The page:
MONTEVIDEO – A Uruguayan laboratory is manufacturing test tubes that store and transport COVID-19 swab samples effectively and guarantee accurate results.
In order to ensure PCR tests provide accurate results, the swab with which the nasopharyngeal sample is taken from a patient “must be placed in a viral transport medium that has the necessary requirement to ensure stability if the virus is present,” Laura Maccio, founder of Aravanlabs which manufactures these kits, tells EFE.
Test tubes need to provide an optimal environment for samples so that if the SARS-CoV-2 is present it arrives in perfect condition to the testing laboratory, the biologist adds.
According to Maccio, tubes must have a saline solution to buffer pH levels, proteins to provide stability and antibiotics that inhibit the development of other microorganisms.
It is important that the kits are manufactured in “adequate conditions” so that they are not contaminated and in rooms where particles in the air are “fully controlled.”
Uruguay decreed a health emergency on March 13 after registering four coronavirus cases.
A few days later, Aravanlabs realized the country would soon need these kits in order to test its population given the equipment would usually be imported from the United States, Europe and now China and South Korea.
“When international demand was so great that each country turned to internal production, the countries of our region were a little disadvantaged,” she says.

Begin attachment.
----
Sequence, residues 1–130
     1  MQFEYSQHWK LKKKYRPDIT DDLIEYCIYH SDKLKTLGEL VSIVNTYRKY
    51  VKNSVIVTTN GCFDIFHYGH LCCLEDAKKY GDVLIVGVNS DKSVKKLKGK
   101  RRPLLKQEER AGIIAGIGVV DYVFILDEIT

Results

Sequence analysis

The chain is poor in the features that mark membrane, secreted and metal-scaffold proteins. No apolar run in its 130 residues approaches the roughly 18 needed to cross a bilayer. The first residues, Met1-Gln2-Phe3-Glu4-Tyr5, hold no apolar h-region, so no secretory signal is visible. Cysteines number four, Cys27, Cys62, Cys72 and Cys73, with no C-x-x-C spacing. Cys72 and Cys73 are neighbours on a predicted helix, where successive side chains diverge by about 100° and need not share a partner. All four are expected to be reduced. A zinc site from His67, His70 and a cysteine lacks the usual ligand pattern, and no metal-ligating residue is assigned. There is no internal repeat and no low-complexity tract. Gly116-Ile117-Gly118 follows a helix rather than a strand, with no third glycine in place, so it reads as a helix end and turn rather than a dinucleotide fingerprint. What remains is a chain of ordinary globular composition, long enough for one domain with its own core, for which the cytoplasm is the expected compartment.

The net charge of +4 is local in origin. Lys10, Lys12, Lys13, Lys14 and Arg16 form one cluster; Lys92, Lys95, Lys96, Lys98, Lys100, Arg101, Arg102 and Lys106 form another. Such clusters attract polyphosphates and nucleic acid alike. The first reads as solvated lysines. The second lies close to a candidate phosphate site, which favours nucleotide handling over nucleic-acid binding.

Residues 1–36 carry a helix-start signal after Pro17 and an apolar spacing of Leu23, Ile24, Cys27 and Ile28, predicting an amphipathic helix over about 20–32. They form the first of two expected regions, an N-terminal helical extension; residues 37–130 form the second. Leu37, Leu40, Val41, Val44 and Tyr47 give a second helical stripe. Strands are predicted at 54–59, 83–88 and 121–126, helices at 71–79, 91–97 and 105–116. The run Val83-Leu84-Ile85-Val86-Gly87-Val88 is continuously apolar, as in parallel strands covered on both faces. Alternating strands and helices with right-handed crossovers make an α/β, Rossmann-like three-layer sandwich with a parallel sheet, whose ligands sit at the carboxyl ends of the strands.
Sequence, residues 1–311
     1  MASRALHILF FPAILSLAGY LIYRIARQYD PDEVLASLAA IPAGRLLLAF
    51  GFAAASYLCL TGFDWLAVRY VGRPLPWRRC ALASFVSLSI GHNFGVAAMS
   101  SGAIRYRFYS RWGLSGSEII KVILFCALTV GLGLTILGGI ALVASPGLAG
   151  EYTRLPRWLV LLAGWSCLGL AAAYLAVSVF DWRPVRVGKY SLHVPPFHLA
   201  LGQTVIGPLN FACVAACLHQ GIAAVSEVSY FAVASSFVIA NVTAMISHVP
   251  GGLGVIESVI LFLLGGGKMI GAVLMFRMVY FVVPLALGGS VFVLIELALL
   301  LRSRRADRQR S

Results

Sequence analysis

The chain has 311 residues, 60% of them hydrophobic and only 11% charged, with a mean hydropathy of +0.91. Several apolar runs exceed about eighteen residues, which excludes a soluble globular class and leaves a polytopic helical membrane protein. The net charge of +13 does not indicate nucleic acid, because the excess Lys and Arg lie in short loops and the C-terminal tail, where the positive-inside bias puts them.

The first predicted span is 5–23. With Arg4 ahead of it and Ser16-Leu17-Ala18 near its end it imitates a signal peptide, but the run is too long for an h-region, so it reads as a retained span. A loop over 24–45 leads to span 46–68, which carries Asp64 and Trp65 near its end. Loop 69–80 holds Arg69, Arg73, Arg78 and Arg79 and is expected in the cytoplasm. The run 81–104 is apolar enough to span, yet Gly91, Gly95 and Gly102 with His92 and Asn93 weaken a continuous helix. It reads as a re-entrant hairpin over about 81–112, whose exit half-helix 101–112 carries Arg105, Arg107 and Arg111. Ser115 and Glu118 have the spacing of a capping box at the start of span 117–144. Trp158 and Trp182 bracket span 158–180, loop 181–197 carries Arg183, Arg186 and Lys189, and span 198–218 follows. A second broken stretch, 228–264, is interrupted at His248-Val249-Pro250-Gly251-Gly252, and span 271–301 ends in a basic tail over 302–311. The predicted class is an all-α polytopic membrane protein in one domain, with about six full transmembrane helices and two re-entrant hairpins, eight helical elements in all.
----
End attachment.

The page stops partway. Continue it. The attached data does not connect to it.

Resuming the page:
In early April, the company created its first batch, which it took to different Uruguayan institutions to verify the product’s efficiency and then launched into the production of 500 units per day, a figure that they expect to increase to 3,000 thanks to international demand, says the founder of the laboratory.
Aravanlabs has struck a contract with Eubiosis, a testing laboratory based in Uruguay, and has agreed to export to Chile, Argentina and Brazil.
The company is boosting foreign exports through the ProExport+ program and will trade the kits in Paraguay, Peru, Bolivia, Ecuador, Colombia and other Central American states.
Maccio says the kits are not expensive to manufacture and that with Uruguay’s “highly trained” workforce the country could pitch itself as a biotechnology provider on an international level.
Uruguay has recorded 625 cases and 15 deaths according to official data.